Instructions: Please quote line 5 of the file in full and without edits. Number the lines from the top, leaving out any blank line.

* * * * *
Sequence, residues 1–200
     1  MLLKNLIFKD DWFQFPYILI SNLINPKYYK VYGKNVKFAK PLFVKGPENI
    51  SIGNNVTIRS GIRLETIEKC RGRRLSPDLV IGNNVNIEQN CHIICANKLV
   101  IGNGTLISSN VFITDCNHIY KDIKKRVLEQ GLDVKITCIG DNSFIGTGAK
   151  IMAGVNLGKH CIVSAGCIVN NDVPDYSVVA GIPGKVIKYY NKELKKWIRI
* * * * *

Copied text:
   151  IMAGVNLGKH CIVSAGCIVN NDVPDYSVVA GIPGKVIKYY NKELKKWIRI